Question: Is it worth the time, energy, money, etc. to keyline after I've already built a swale system. In other words: has anyone noticed a significant benefit to keyline plowing the areas in between the swales as far as moisture infiltration and overall soil/plant health and growth?
So background: I had active erosion with water sheeting, washing, cutting, and pooling across certain areas of my pasture/garden. I built a couple swales to slow and spread that water (here's the post: https://permies.com/t/33898/earthworks/Emergency-swale-saturated-ground ). It has worked pretty well for what I was trying to do so I feel like I made the right choice there. I'm currently transitioning an existing hay field into something more like Silvo-Pasture.
Now I would just like to know what folks are thinking in regards to keyline plowing after the fact. It seems like it would be a good idea as far as building soil and perhaps moving more moisture around and making a more consistently lush pasture, but I just don't know if it's going to be worth the monetary investment for the plow (ROI?). Thoughts please!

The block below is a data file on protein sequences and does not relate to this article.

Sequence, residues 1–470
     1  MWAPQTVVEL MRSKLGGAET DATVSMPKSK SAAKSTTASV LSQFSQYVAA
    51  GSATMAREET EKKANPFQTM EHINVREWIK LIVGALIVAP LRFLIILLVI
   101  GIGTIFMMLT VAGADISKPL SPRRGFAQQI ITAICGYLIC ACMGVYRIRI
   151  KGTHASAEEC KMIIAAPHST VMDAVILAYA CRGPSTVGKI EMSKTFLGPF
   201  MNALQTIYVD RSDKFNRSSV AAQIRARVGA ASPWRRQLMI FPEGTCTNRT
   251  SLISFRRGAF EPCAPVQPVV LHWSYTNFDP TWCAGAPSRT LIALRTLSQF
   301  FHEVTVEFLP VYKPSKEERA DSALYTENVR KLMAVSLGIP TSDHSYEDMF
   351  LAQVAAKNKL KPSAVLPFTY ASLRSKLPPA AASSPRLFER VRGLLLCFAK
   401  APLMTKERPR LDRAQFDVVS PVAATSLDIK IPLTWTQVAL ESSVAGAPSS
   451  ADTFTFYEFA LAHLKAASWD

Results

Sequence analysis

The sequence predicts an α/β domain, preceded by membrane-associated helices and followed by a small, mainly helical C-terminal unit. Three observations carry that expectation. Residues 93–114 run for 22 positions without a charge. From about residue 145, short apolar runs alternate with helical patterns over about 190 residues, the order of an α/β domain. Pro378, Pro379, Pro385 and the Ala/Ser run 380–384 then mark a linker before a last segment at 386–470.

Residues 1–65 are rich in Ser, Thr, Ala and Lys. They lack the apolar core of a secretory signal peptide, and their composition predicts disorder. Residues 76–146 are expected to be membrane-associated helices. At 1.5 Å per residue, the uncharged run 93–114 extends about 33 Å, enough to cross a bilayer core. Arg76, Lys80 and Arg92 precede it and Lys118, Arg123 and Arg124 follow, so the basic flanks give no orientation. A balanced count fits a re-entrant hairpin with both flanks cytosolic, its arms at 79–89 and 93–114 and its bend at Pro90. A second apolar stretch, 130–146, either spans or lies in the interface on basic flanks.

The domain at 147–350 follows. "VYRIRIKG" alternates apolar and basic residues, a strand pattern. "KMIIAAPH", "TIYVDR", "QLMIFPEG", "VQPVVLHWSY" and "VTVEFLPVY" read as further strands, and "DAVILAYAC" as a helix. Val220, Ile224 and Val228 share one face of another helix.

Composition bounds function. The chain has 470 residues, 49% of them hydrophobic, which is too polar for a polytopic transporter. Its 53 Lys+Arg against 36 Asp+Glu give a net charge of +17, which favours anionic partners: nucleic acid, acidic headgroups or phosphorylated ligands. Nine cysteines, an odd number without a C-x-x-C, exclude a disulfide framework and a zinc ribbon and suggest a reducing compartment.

I'll point out from the start that I am not a fan of systems that don't follow a proper and due diligent planning approach. There's a lot of frustration in me saying this and this is a big motivation for the creation of the Regrarians Handbook as many folks are not following design process that does either them or their landscapes justice.
How effective a swale system will be in its effect on hydration is anyone's guess really. In my opinion there can never be a clear metric on how often, how deep, how high and so on land is simply too complex to predict these outcomes. Same with Keyline Plowing.
So one thing to concern yourself will be with Keyline Pattern Cultivation and contour swales is the patterning. Its easier if the swale is just on a ridge but when its on a ridge and a valley then it becomes a bit tricky. General principle however is that you plow parallel BELOW a valley (concave) landform contour and you plow parallel ABOVE a ridge (convex) landform in order for the geometry of this patterning to be effective. Otherwise you'll drain your hillside towards the valleys.
As far as ROI is concerned on Keyline Plowing — another great question and one I don't have an answer for and I don't know anyone who can. Give it a trial if you can but be very cautious about investing in machinery if you haven't first tested the decision through the Holistic Management framework for decision making.
Have a look at your grazing systems too as changing the way you do things there is much more likely to give you an ROI than investing in implements and swales. Do a HM Grazing Plan if you can as it is the premiere guide to grazing management you will find.
You can't have everything. Where would you put it?